So I always love the old bragging rights of “My Engine is bigger than Your Engine”…. “oh yeah?????, well MINE is bigger than YOURS!!!”…
I think it’s a human trait to always compare and contrast just about everything we can. So it brought up the question is how big is big, when it comes to Porsche engines. If you looked at a Porsche 2.0 L engine and saw sitting next to it, a Porsche 4.0L engine, you might be able to tell which engine is larger than the other. It would however, be especially hard to know, if the 4.0L engine is twice the size, a 1/3, or 3 times larger.
These are clear images of a VW Bug engine right out of the car.
Fresh out of Volkswagen bug, we’re replacing the clutch plate among other things.
The first thing is understanding how a Porsche engines is a far cry from its cousin, a Volkswagen engine. If you are after some iron clad researching, try getting access to real sized, equal liter Beetle and Porsche motors and then try to pick them apart component by component.
The black and white image shows the Volkswagen Super Beetle. Notice how the alternator fan housing is located over the engine generator. On a Porsche engine, this arrangement is very different. However, just like the Beetle engine, a Porsche 356/912, four cylinders lay flat. However, the pistons and cylinders are different, with much different parts and output differently.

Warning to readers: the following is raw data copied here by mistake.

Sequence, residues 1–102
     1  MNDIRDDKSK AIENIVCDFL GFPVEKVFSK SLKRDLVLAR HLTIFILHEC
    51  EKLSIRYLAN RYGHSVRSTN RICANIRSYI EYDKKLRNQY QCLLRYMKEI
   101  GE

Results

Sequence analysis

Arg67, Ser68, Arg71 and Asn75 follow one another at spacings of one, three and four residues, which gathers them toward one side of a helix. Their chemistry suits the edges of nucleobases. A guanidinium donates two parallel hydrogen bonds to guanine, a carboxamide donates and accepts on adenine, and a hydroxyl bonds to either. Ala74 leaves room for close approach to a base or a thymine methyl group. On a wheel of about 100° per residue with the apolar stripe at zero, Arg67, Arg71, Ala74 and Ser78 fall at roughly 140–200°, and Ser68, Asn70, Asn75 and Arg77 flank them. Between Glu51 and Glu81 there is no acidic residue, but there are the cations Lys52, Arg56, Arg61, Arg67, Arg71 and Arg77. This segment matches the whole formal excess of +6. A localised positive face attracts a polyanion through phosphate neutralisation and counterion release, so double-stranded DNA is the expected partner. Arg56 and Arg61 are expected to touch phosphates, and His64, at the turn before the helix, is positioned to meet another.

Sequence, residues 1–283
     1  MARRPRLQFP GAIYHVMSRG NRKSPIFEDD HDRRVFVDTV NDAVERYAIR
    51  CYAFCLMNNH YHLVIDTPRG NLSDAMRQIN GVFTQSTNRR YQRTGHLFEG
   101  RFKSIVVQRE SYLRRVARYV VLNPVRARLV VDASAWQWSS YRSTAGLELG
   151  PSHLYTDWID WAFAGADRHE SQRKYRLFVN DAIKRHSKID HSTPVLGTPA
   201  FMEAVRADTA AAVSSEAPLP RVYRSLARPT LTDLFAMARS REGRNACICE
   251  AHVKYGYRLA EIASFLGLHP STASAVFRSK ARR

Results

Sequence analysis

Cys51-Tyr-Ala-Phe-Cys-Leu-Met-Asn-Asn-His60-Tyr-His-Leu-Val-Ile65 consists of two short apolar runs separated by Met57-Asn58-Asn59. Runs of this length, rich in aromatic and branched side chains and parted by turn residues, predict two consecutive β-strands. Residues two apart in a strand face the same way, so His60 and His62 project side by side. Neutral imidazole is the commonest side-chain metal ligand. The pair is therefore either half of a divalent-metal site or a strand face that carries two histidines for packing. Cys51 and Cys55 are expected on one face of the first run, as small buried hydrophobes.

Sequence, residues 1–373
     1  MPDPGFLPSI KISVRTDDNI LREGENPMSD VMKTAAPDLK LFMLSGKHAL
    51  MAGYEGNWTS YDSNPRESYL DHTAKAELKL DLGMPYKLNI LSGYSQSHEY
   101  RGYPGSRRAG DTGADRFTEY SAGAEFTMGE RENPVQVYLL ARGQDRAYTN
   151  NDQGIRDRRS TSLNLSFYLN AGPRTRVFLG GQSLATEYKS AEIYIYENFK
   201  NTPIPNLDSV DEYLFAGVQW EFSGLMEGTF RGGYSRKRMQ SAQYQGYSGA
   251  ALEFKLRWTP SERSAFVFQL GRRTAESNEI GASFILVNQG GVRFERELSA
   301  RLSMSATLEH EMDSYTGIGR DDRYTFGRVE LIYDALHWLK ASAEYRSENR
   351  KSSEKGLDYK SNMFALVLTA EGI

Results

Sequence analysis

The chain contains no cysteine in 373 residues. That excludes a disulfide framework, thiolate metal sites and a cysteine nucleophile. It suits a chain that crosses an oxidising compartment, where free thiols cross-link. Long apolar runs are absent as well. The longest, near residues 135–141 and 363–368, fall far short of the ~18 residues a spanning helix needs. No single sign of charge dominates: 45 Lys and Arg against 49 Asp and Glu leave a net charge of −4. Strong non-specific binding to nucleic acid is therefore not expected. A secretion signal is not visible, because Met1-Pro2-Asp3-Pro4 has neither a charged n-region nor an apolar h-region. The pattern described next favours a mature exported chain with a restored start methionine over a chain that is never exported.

On the Beetle, the exhaust system, including the muffler, looks similar to a Porsche 356/901 series, but piped much differently. For both the Porsche and VW the engines are similarly mounted in the chassis using a few bolts and motor mounts. The difference is, because of the rounded shape of the beetle, there is plenty of room to have the VW engine seemingly sitting up higher at the rear of the VW beetle (like a Porsche), with the transmission attached towards the front. Unlike the Porsche, the alternator fan faces the front of the car while on the Porsche, you can see the alternator fan facing the rear of the car. When making further comparisons between a 356 and Beetle, note how locations of the wiring harness and how different its organized to provide spark to each of the cylinders. Note too how wires starting from the ignition connect to the battery and from battery to alternator / generator differ from both cars.